reviews\ May 7, 2012 at 9:54 am

A Valley Without Wind review

Games that fall under the platform-adventure sub-genre usually provide gamers with a sense of freedom. Players are able to explore environments, and while saying that these games are open world may be a stretch, there's certainly a noticeable level of openness in most "Metroidvania" titles. A Valley Without Wind looks to expand upon that open nature by actually providing what is, in essence, a fully open world for players to explore, and for the most part, the game succeeds in delivering a worthwhile adventure.

You play as the glyphbearers, a group of heroes who must rebuild the land of Environ. The world is a messed up place, with different eras spilling into each other (you'll find robots in lands that are obviously countless centuries in the past), and an evil overlord just begging for you to defeat him (you can try right at the beginning of the game if you want, but that won't get you far). The story in A Valley Without Wind is presented via text right at the main menu, so it really only serves to give the game some semblance of a narrative.

But you won't be playing A Valley Without Wind for the story. The crux of this game is centered on the freedom it gives you. You're able to explore vast lands in search of upgrades, powers, and objectives, and everything you do gets you one step closer to reforming the ravaged world of Environ.

At first, the game can be pretty intimidating, so it's easy to feel overburdened. Levels are procedurally generated, so you get to really explore to your heart's content. There are buildings literally everywhere, and entering these allows you to loot upgrade stones (which are used to level up your health, attack, and mana) and enchants (which grant you new abilities). There are massive rooms with collectible upgrades literally everywhere, but you don't need to explore every one, and it's important to remember that, because things can get a bit tedious if all you're doing is collecting upgrades.

The most enjoyable moments in A Valley Without Wind are those where you're taking on missions. Whether you're entering a boss tower, engaging in a stealth assassination mission, attacking an enemy base, rescuing people, or tackling any other objectives, these are the moments where A Valley Without Wind really shines. There are enemies everywhere, and defeating them requires you to strike a balance between rushing in and strategically picking baddies off one by one. The moment you defeat a boss or clear an enemy camp, though, you get this great sense of satisfaction, knowing that your colony's living situation has just gotten a bit better.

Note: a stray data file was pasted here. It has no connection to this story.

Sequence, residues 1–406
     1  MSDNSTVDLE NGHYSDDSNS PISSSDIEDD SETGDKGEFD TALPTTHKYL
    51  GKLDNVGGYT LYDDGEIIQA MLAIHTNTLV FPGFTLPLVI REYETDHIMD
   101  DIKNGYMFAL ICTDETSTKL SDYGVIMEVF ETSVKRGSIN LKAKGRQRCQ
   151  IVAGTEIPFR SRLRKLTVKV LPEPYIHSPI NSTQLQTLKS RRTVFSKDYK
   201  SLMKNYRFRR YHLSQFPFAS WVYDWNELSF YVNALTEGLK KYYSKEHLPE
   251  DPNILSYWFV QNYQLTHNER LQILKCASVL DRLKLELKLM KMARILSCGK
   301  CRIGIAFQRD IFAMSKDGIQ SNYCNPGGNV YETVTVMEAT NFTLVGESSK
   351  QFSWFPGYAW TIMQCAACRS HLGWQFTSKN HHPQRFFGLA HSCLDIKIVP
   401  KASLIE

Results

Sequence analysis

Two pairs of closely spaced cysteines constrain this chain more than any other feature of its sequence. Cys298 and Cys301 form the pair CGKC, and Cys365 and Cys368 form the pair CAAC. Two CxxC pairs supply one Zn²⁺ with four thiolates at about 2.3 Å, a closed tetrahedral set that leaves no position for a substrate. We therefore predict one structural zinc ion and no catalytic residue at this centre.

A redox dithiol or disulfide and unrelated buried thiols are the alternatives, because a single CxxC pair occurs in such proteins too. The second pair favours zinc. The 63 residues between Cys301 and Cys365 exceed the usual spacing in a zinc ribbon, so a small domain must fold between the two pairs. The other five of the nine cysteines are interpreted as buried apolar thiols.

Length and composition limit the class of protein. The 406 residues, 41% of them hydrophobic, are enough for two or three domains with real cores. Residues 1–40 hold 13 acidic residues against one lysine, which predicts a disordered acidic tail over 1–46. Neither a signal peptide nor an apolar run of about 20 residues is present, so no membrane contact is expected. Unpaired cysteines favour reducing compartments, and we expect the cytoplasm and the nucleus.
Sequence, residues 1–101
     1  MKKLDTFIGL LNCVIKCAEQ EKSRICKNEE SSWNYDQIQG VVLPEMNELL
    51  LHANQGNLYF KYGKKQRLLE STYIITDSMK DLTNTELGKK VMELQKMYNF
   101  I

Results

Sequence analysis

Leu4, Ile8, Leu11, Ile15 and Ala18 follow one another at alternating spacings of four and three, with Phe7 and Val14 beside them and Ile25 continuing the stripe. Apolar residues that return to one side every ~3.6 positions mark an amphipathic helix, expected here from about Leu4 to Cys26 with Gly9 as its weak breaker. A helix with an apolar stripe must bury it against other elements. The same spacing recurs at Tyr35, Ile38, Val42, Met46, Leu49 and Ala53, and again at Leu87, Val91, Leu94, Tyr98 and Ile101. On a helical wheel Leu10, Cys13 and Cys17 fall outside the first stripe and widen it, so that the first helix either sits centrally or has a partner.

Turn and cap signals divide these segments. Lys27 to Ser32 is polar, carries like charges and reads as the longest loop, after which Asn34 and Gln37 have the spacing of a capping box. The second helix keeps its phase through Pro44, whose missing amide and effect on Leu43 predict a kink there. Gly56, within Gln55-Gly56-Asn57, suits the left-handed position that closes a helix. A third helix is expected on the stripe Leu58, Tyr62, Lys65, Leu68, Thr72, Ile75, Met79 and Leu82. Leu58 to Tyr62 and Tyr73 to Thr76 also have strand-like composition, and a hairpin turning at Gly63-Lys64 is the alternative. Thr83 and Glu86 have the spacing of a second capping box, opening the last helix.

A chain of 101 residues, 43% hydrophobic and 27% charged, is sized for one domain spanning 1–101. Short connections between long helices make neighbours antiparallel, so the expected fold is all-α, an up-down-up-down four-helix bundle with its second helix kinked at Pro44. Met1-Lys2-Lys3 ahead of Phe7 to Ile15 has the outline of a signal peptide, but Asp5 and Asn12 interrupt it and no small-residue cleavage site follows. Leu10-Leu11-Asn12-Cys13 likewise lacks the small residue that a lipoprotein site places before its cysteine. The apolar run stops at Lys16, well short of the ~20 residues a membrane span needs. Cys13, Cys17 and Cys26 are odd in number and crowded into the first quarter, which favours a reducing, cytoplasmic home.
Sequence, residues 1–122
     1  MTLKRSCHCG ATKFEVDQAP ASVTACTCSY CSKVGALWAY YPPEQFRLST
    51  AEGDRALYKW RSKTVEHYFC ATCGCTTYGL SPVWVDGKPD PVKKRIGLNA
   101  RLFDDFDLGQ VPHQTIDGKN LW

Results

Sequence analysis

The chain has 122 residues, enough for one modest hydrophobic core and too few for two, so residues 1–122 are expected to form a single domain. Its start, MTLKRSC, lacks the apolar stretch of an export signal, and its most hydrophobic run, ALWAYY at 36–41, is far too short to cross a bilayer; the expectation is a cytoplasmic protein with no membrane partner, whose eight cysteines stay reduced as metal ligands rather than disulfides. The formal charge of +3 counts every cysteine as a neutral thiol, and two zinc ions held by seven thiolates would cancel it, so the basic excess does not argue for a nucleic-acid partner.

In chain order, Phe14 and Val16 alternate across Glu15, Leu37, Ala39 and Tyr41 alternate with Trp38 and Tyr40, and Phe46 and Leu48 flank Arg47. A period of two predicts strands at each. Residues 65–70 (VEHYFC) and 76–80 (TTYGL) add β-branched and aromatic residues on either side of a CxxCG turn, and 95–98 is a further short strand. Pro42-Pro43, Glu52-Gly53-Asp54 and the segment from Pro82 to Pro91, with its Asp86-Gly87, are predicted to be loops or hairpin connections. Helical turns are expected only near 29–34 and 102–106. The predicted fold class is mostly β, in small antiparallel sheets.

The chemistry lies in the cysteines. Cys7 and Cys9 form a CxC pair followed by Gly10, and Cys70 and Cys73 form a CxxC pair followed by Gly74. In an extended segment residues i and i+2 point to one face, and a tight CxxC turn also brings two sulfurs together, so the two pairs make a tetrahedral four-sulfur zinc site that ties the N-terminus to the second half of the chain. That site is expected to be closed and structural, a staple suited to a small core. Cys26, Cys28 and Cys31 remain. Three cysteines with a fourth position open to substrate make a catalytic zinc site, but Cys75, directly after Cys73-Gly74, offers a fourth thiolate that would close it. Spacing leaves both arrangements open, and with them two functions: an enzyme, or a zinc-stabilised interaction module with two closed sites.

Unfortunately, while taking on missions is a lot of fun, A Valley Without Wind is dragged down a bit by a few hindrances. For starters, you encounter a lot of the same enemies all too often, and if you're the type to loot anything you can, you're bound to get a bit bored of employing the same attack strategies repeatedly as you explore different buildings in the same area. Additionally, while the game certainly controls well, if you opt to play with a controller, you'll only be able to map a few actions to the pad's buttons, still relying on the keyboard every so often.

One thing I really enjoyed about A Valley Without Wind was its take on permadeath. In other games that utilize the mechanic, you die and it's back to the beginning. That's an awesome punishment for several reasons, but I was really able to appreciate how A Valley Without Wind only slightly punishes you when you die. Once you meet your timely demise (it's timely because you will die plenty of times), you lose your character for good. You don't, however, start from the beginning of the game. Instead, you select a new glyphbearer and continue your quest. You lose your upgrades, but your spells and items remain in your inventory. It's a cool take on a usually brutal gameplay mechanic, and it certainly makes you feel like everything you do with any specific character counts. Also, you can totally encounter the ghosts of your past characters and kill them, too. Two permadeaths in one game? Ouch!

You can spend hours upon hours exploring Environ and completing missions (and dying) on your own, but A Valley Without Wind also features an online co-op mode. You can enter existing games or create your own, and if you dig playing with others, you'll enjoy what A Valley Without Wind has to offer as it is basically an extension of the main game, allowing you to take on missions and bosses with a few helping hands.

In terms of visual presentation, A Valley Without Wind boasts an interesting art style. I've read that some gamers weren't very fond of the graphics, but I really like how the game looks. The whole thing has this "modern retro" aesthetic to it that harks back to old school action-adventure games, yet still has a pleasantly contemporary vibe to it. The music is good, too, offering up old school-sounding themes. If you spend too much time in any given region, the music can loop a bit, but it's still a good soundtrack regardless.

A Valley Without Wind is a game that rewards players for exploring and sinking time into the experience. If you're willing to invest a lot of time into it, the game will give you a lot back to enjoy. There are a few rough spots, and over-exploring can lead to a feeling of exhaustion, but the game lets you play it any way you want to. So really, if you get bored after exploring too many maze rooms, you only have yourself to blame. Ultimately, A Valley Without Wind successfully presents an open-ended take on the 2D action-adventure formula, and it gives players a really good experience that's easy to sink hours into and get completely lost in.

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David Sanchez David Sanchez is the most honest man on the internet. You can trust him because he speaks in the third person.
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